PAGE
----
A small cup of Limonana is served to each guest, a refreshing mix of lemon juice, mint leaves and organic cane juice in a filtered water base

Caffeine-free, low sugar and low calorie, Limonana was created by Chef Véronique 
and is marketed across Toronto 

The charming francophone crêpière making our crêpe Parisien 

Le Parisien Crêpe with with scrambled egg, Swiss cheese, mushrooms, red onion and fresh dill 

The 'Tartinade' Crêpe made with Chef Veronique's signature nutella-style spread, 
and garnished with fresh banana

Crêpes Mademoiselle
Serves 4
Recipe courtesy Véronique Perez, owner of Crêpes à GoGo

3 large eggs
1-1/4 cups whole milk
2/3 cups all-purpose flour, sifted
1/3 cup barley flour, sifted 
1 tbsp granulated sugar
1/2 tsp salt
1/4 cup vegetable oil, plus more for greasing pan
7 oz each of crumbled goat cheese and thinly sliced smoked salmon
1/4 cup each of thinly sliced red onion and pure maple syrup

In small bowl, whisk together the eggs and milk. In large bowl, combine the all-purpose flour, barley flour, sugar and salt, then slowly whisk the egg mixture into the dry mix until combined. Whisk in 1/4 cup of the oil, and if the batter is lumpy, pass through a sieve. Cover and rest at room temperature for 2 hours.

Heat a 12-inch non-stick skillet over medium-high. Dip a ball of paper towel into the oil and rub into the pan. When hot, ladle 1/3 cup batter into the centre of the pan and quickly tilt and swirl pan to form an even layer. Cook until the top is no longer wet and edges are papery, about 60 seconds. Carefully flip the crêpe and continue to cook it until browned, another 30 seconds. Repeat until the batter is finished, stacking the crêpes on a large plate.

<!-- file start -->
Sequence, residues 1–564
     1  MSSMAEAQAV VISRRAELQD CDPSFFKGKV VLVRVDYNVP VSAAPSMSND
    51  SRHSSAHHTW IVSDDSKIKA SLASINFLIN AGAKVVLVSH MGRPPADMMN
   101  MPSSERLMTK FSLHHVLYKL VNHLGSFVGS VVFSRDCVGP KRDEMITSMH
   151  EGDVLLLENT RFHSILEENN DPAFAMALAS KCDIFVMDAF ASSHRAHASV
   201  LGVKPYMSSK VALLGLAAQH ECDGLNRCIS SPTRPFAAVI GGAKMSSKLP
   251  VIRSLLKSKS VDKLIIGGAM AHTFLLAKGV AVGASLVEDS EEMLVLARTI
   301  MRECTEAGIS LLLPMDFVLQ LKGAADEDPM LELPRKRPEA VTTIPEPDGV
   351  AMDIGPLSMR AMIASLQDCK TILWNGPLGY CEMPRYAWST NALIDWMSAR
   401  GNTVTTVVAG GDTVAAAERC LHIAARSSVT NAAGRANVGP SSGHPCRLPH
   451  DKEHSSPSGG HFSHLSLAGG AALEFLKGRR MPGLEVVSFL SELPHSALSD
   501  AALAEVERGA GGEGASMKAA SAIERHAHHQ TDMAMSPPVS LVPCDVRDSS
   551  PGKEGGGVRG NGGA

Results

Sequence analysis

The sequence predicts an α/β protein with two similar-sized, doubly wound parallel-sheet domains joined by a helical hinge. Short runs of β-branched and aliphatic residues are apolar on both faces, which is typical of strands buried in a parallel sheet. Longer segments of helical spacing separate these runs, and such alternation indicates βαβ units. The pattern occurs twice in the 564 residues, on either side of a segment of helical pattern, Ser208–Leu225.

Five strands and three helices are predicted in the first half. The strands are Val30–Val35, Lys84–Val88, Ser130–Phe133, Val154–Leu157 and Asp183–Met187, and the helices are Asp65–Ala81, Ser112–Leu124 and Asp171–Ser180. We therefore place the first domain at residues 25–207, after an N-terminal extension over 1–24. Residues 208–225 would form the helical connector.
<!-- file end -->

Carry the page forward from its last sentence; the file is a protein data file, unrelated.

To make the Crêpes Mademoiselle, lay out 4 crêpes, wrapping and refrigerating the remaining crêpes for another use. Divide the goat cheese, salmon and onion into 4 equal portions. Working left to right, sprinkle the goat cheese to form a 2-inch band along the diameter of each crêpe. Top with smoked salmon and onion, and drizzle 1 tbsp of maple syrup over the filling of each crêpe.

To serve, fold the bottom of of the crêpe over the filling, bringing it 1-inch short of top to form slightly irregular half moon. Working from bottom, roll the filling over itself, and cut in half. Serve at room temperature.

Wednesday, September 17, 2014

Taverna Pazzo: Stratford's Calabrian Connection

Stratford has come a long way in the culinary world from its humble beginnings when the theatre festival started in 1953, housed in a giant canvas tent on the banks of the River Avon. Fuelled by talent from the Stratford Chefs School and the founders of venerable restaurants like the Old Prune, Rundles and Church, the city has firmly cemented its reputation as a major player on the culinary stage, luring dedicated theatregoers and food aficionados alike. One of the more recent star attractions on Stratford's culinary scene is Chef Yva Santini of Pazzo Taverna and Pizzeria, a warm and friendly Italian brasserie perched on the corner of Ontario and Erie Street in the heart of the city. Serving some of the most innovative and authentically delicious Italian cuisine in Stratford, Chef School alumnus Yva Santini serves regional dishes, much like the rustic meals she enjoyed in her family's village of Calabria.